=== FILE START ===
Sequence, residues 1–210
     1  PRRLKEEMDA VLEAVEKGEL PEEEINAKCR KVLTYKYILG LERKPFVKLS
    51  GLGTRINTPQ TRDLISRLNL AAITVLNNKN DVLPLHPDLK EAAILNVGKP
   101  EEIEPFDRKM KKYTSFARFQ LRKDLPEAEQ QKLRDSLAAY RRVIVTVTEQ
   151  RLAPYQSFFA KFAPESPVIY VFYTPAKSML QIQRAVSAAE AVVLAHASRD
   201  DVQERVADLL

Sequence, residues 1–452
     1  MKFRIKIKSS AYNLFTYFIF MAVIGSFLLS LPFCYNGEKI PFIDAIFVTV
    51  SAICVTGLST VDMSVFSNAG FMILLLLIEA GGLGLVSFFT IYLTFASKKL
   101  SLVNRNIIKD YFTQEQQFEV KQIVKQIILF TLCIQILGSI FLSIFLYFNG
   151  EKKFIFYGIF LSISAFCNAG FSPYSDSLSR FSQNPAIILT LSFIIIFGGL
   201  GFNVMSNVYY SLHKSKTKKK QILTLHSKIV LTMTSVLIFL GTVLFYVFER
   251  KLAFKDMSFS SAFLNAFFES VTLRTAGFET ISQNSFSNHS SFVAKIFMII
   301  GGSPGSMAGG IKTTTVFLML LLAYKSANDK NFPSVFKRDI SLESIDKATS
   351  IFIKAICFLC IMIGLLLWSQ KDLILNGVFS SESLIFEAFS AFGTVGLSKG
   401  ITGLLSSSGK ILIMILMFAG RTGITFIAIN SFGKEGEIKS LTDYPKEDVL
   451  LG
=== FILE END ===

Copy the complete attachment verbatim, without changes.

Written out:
Sequence, residues 1–210
     1  PRRLKEEMDA VLEAVEKGEL PEEEINAKCR KVLTYKYILG LERKPFVKLS
    51  GLGTRINTPQ TRDLISRLNL AAITVLNNKN DVLPLHPDLK EAAILNVGKP
   101  EEIEPFDRKM KKYTSFARFQ LRKDLPEAEQ QKLRDSLAAY RRVIVTVTEQ
   151  RLAPYQSFFA KFAPESPVIY VFYTPAKSML QIQRAVSAAE AVVLAHASRD
   201  DVQERVADLL

Sequence, residues 1–452
     1  MKFRIKIKSS AYNLFTYFIF MAVIGSFLLS LPFCYNGEKI PFIDAIFVTV
    51  SAICVTGLST VDMSVFSNAG FMILLLLIEA GGLGLVSFFT IYLTFASKKL
   101  SLVNRNIIKD YFTQEQQFEV KQIVKQIILF TLCIQILGSI FLSIFLYFNG
   151  EKKFIFYGIF LSISAFCNAG FSPYSDSLSR FSQNPAIILT LSFIIIFGGL
   201  GFNVMSNVYY SLHKSKTKKK QILTLHSKIV LTMTSVLIFL GTVLFYVFER
   251  KLAFKDMSFS SAFLNAFFES VTLRTAGFET ISQNSFSNHS SFVAKIFMII
   301  GGSPGSMAGG IKTTTVFLML LLAYKSANDK NFPSVFKRDI SLESIDKATS
   351  IFIKAICFLC IMIGLLLWSQ KDLILNGVFS SESLIFEAFS AFGTVGLSKG
   401  ITGLLSSSGK ILIMILMFAG RTGITFIAIN SFGKEGEIKS LTDYPKEDVL
   451  LG